• lawless says:

      Hear hear!

      Hard to improve at all while polishing your guns and yelling at the news.

      Get out there people, get busy and do it now.

  4. lawless says:

    I posted this at Pete’s too

    Also an idea and one that some of my cohorts are doing this spring is set up our own IDPAish matches. One of our cadre is an IDPA director and we plan to get a little more …. edgy in our matches. Allow Tac mag changes and other things not allowed in the actual sanctioned matches.

    Look I know it isn’t the same as going to visit John, but any almost free activities that teach fast practical accuracy and effective efficient mag changes while moving is NOT a waste of time.

    If you are 10% better than you were, you are 90% better than the average ANTIFA goon or guy who is trying to take your wallet.

    This isn’t as much about freefor as much as every day protection. But…those trying to protect and serve the $&#@ out of you aren’t gonna flank and spank themselves now are they?

    Tick Tock

  5. mtnforge says:

    Thats really cool. Good thinking!
    You say, “not a substitute for training with JC, Maxx, NC Scout or John”, yeah, sums it up pretty well, though after getting that combat pistol training, your idea it is a great, essential yes, and fun, a hoot, excellent, very modest cost, method of improving what I learned already.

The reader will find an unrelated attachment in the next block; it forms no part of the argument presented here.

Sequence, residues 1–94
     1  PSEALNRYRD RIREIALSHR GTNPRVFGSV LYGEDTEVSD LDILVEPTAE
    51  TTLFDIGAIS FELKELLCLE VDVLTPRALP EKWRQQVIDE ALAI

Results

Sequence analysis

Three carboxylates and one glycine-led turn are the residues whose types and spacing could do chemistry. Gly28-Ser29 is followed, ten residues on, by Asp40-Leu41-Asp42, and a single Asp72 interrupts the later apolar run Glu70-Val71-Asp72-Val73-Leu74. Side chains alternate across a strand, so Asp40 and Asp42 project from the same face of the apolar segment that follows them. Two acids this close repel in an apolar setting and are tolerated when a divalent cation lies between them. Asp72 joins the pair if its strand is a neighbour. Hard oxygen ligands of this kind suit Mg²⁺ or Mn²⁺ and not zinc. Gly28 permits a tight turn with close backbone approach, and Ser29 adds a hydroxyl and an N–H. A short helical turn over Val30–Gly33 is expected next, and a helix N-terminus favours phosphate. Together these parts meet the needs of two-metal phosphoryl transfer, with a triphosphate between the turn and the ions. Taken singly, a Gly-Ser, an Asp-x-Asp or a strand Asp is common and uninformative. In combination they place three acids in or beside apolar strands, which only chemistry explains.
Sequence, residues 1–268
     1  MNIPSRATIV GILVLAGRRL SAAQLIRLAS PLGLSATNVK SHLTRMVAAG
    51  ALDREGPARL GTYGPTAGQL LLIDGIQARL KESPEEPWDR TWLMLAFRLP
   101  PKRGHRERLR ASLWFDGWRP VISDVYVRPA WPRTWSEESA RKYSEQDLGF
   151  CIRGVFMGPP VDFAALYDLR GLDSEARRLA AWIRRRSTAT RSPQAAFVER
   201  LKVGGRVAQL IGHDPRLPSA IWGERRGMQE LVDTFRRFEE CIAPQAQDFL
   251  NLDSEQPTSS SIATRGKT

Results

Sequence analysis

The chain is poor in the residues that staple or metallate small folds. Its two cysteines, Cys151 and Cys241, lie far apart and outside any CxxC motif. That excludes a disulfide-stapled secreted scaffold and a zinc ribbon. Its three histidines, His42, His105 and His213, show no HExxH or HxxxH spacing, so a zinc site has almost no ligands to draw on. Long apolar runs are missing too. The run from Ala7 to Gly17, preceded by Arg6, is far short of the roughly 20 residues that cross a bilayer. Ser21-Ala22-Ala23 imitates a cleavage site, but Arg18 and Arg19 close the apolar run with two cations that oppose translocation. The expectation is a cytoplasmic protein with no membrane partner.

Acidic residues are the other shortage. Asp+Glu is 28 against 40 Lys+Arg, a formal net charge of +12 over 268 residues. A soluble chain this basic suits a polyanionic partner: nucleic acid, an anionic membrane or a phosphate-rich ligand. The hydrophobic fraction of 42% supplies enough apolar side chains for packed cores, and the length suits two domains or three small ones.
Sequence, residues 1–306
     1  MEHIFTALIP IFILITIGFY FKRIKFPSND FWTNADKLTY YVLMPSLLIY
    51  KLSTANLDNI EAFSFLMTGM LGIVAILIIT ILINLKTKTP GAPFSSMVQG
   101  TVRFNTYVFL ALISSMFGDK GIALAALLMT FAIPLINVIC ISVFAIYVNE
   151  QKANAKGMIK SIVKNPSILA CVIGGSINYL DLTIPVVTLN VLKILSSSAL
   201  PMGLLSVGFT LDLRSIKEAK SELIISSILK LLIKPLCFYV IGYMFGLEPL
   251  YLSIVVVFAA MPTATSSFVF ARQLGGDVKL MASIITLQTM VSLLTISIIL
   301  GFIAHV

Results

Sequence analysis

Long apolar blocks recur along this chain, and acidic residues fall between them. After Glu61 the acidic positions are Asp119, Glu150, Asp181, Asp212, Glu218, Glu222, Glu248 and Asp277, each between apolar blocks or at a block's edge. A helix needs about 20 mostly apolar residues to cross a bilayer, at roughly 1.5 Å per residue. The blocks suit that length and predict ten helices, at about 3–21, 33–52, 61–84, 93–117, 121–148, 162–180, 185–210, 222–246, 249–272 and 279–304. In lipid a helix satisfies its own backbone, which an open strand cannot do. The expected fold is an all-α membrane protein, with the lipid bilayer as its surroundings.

Could you recommend where or how you find is the best way to get started with the IDPA shoots?

  6. andy mitty says:

    as a 35 year law enforcer gun toter, and a 30 year uspsa/ipsc shooter, I can say simply that any top end law enforcement shooter will get his butt kicked by a normal c/d class uspsa/ipsc shooter. when your weapons handling, firearms safety, and accuracy skills are above 98% of law enforcement shooters, you can concentrate on tactics, situational awareness, not making mistakes, and your exponentially greater force continuum. I would pick a b class ipsc/uspsa/idpa shooter to lead the entry team over a 99% LE shooter any day.

    • lawless says:

      Spot on, and thanks!

    • Dave says:

      Exactly. I compare it to driving a car. At first, your brain is occupied learning how to operate the machine, how to use the controls to make it do what you want it to do. Later, when those mechanical functions become more automatic, you have more brain space available to negotiate traffic, navigate to your destination, etc.

      Same with the gun. In competition, you learn to run the machine quickly and without conscious thought, leaving your brain free to solve the problem in front of you…all under the pressure of the timer and “everybody’s looking at me!” You can’t tell me that’s not useful.

      • lawless says:

        Lizard brain training is real. Thanks for reading and for the comment. Share us with your friends, time is short.

  7. GenEarly says:

    I never entered a tournament but my wife and I went to practice with both uspsa and ipsc almost weekly for a year until I moved away from a convenient range location. I miss it!!!